Case No. D2019-2363
November 28, 2019
Many of the claims brought under the UDRP appear to be clear cases of cybersquatting, and either proceed undefended or with minimal resistance by a Respondent without a leg to stand on. However, some alleged Cybersquatters still try to spin spurious narratives to avoid the wrath of the UDRP. However, without evidence, they are usually unsuccessful. The following case demonstrates the somewhat extreme lengths Respondents may go to keep their domain names, and is a comical reminder that a party’s success relies on the quality of its evidence. The Respondent put in a lot of evidence, but in quantity, not quality. Its defence failed because its evidence was singularly unpersuasive and simply did not prove the case being mounted.
This case highlights the lengths Cybersquatters can go to hold onto a domain name
The case concerns multinational media giant Naspers ( which owns 46.5 % of Chinese internet company Tencent )as Complainant, and the disputed domain <naspers.media>, registered by a Surinamese business purporting to be involved in the adult entertainment industry. The Complainant sought transfer of the disputed domain, arguing that the Respondent had registered it to take advantage of its widely known trademark, NASPERS, as the Respondent had done with several other domains, including <10cent.pictures>, <playboyenterprises.sex>, and <sinaweibo.in>. Following the three elements of the policy, it laid out its trademark rights for the NASPERS mark, made a prima facie case that the Respondent lacked rights and legitimate interests in the domain name, and alleged that due to the notoriety of their mark, the respondent had registered and used the domain name in bad faith.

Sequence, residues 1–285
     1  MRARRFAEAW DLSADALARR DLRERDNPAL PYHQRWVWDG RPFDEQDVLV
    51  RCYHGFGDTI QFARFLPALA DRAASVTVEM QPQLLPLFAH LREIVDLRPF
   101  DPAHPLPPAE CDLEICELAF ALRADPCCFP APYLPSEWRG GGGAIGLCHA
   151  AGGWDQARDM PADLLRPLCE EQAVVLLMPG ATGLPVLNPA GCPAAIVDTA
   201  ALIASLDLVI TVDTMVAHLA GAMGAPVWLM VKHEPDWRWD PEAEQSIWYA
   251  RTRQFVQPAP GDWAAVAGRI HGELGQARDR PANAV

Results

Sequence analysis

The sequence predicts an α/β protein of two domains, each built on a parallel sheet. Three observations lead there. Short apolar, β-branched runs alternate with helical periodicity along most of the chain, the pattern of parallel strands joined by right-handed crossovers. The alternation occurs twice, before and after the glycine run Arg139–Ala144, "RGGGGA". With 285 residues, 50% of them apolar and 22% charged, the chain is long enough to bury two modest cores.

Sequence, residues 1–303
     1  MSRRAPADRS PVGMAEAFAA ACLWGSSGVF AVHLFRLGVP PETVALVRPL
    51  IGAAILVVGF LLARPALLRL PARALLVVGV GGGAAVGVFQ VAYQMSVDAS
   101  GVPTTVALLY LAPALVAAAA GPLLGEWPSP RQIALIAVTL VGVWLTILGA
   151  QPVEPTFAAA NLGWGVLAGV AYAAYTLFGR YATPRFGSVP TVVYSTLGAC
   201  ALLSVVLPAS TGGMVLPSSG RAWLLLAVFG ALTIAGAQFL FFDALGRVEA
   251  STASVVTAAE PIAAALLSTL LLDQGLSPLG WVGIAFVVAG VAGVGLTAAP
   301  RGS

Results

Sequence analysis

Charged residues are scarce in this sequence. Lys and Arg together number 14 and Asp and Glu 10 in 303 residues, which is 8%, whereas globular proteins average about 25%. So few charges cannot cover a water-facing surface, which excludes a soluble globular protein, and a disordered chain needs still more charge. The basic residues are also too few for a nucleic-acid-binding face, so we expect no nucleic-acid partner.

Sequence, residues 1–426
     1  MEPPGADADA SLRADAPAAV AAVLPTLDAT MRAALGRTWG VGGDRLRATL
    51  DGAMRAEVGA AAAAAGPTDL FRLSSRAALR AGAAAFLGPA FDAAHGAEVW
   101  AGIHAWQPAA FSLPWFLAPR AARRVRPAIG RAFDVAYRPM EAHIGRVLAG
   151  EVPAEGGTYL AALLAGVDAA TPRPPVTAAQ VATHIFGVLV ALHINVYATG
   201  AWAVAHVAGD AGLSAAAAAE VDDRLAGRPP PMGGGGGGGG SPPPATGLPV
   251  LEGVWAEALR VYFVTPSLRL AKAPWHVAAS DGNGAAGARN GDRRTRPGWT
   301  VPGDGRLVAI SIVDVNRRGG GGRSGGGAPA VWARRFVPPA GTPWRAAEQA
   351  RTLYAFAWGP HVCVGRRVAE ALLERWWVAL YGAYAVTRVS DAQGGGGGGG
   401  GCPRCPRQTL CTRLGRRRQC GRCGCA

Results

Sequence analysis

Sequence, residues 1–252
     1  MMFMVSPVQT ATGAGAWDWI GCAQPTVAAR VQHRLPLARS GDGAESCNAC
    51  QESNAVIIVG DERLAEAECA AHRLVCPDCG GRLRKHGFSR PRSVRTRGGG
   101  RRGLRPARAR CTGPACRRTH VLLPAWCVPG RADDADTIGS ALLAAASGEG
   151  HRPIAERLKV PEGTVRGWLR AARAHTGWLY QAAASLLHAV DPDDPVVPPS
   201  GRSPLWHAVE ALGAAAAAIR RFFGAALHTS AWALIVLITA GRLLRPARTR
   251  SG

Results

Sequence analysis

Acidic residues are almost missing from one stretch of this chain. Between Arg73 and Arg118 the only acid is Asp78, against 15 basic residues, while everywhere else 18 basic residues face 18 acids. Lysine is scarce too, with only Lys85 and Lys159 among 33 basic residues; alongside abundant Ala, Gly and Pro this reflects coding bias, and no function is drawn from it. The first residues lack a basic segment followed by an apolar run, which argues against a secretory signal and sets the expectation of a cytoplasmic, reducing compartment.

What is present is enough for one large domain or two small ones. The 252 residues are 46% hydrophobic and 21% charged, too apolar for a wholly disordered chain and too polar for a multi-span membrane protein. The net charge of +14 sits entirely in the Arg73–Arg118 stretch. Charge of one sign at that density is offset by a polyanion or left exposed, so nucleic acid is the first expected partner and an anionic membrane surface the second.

To defend itself, the Respondent claimed that it had registered the domain name in connection with its adult entertainment business, to supposedly spruik the work of a porn star named “Nasty Person,” with which it had a commercial relationship. However, despite over 30 annexes of evidence being submitted, there was nothing to suggest that such a person existed, let alone held any dealings with the Respondent. Internet searches by the Complainant could not find any mention of the aforenamed adult actress. Rather, it seems highly likely that the Respondent fabricated the existence of “Nasty Person” to create a legitimate interest in the domain name, however long a bow the connection between “Nasty Person” and NASPER may be.
However, in the absence of any evidence corroborating its assertions, it was unable to prove this attempted rebuttal of the claim, and the panel found decisively in favour of the Complainant.
Clearly, alleged cybersquatters will go to any length to avoid losing their domain names if they think the name is worth fighting over. However, UDRP decisions rely on evidence, and ultimately the panel will always find for the party which can most convincingly and substantively tip the balance of probabilities in its favour. Assertions without evidence are always doomed to fail. Don’t let this happen to you.